Here I am in the midst of the madness that is the Edinburgh Fringe Festival. I thought Toronto’s Fringe Festival, with its 150+ shows in two weeks was impressive and enjoyable, but Edinburgh has about 1,000 offerings that include comedy, music, theatre and tours.
In addition to its usual summer visitors, the city is filled with theatre buffs gorging on a banquet of one-hour performances by troupes from all over the world. Not only is there wonderful theatre; there’s a chance to chat with people from everywhere!
Today alone, I ate breakfast with a woman from Buxton, England, had cream tea (tea and scones) with a pair of chance-met Canadian sisters, one from Vancouver and the other from Regina. All we needed was someone from the Maritimes for a coast-to-coast sweep! I also conversed with a couple from Germany over a later cup of tea, chatted with a young couple from Sheffield, England, in the waiting line for a show and went to see some young women from Northwestern University (outside Chicago) whom I’d met accidentally on Thursday perform in a show.
Yesterday, I took a walking tour with a pair of Italian sisters and did a whisky tasting with some Americans and a German. Tomorrow, I’m off on an organized day tour, so heaven knows whom I’ll meet. It’s absolutely wonderful – it adds such spice to an already tasty experience.
With so many shows going on, as well as a classical music festival, Edinburgh is packed with tourists. If you look at this photo taken on the Royal Mile (the street running from Edinburgh Castle to Holyrood Palace), you would think you were at Times Square in NYC! It’s tough to get anywhere fast if you’re walking downtown, so you need to build time into your schedule.
I toured Edinburgh Castle this morning, and its name is something of a misnomer, because it’s a walled fortress with myriad building inside. It’s still a working military venue in the evenings, but during the day, tourists rule. Since I’ve been spending so much time at the theatre, I wanted to be sure to add a bit of Edinburgh history to the program.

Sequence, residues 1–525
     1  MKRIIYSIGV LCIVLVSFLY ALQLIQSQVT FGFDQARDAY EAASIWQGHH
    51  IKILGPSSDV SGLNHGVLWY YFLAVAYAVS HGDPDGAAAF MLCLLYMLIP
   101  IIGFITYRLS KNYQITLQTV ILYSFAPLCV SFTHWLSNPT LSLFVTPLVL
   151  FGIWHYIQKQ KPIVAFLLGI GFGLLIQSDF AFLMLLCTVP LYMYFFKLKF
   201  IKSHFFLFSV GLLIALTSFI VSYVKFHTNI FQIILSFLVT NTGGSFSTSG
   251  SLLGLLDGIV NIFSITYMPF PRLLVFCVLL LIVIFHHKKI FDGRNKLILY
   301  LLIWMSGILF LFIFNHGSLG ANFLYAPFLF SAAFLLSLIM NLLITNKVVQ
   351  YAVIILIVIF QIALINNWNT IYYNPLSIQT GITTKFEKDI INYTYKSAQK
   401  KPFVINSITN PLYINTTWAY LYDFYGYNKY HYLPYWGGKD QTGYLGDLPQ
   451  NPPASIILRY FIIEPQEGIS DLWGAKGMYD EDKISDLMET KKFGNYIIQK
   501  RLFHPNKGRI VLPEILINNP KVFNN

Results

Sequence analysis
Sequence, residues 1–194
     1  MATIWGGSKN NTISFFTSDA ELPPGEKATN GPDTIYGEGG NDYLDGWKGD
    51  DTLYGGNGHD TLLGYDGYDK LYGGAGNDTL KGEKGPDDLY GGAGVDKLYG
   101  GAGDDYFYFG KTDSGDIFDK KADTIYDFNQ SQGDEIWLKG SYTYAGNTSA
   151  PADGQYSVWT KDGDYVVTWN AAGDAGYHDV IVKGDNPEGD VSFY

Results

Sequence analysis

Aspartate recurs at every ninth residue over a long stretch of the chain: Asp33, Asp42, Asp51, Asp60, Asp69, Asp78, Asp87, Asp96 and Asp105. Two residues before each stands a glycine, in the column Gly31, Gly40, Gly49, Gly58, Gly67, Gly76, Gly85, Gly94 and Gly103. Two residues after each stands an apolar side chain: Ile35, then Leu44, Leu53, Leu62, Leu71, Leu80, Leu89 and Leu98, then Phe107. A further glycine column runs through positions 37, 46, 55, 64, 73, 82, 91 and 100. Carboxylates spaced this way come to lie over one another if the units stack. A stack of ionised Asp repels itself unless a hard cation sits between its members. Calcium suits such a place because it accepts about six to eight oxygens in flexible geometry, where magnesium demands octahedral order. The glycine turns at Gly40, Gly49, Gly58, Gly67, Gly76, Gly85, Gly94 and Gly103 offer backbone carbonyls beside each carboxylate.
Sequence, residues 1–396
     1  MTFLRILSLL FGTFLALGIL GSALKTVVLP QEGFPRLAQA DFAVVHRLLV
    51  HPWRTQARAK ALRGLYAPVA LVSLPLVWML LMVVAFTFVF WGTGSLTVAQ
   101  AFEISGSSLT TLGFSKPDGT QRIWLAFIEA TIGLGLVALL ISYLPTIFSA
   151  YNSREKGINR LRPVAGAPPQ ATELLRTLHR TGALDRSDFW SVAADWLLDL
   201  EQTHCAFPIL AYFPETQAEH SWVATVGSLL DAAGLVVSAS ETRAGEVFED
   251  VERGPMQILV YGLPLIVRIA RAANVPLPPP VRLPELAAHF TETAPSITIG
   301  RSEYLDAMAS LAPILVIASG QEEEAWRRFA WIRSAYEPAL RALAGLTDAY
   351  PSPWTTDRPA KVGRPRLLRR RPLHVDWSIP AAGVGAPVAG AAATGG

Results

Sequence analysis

It was a real treat because the castle is now home to the Stone of Destiny, also known as the Stone of Scone, the stone on which all Scottish kings were crowned. The British moved it to Westminster Abbey a few hundred years ago to be used in conjunction with the Coronation Chair, and the Scots so bemoaned its loss that a group of university students broke into the Abbey on Christmas Eve during the 1960s and liberated the stone, planning to bring it back to its rightful land. Although they had to return the stone anonymously when the trail got too hot, their efforts obviously struck a chord at Buckingham Palace, because 20 years ago, the stone came home. There’s a wonderful movie about this caper, so I just had to see the stone myself!
Now, it’s off for my last Fringe show – the third today. Fittingly, it’s a Canadian production written by the wonderful Toronto playwright, Hannah Moscovitch, about her father’s family and its Romanian refugee roots – so, a little Jewish-Canadian connection, too. We Canucks have a large presence on stage at the Fringe this year in honour of Canada’s 150th birthday.
Fringe madness this may be, but it’s a great party!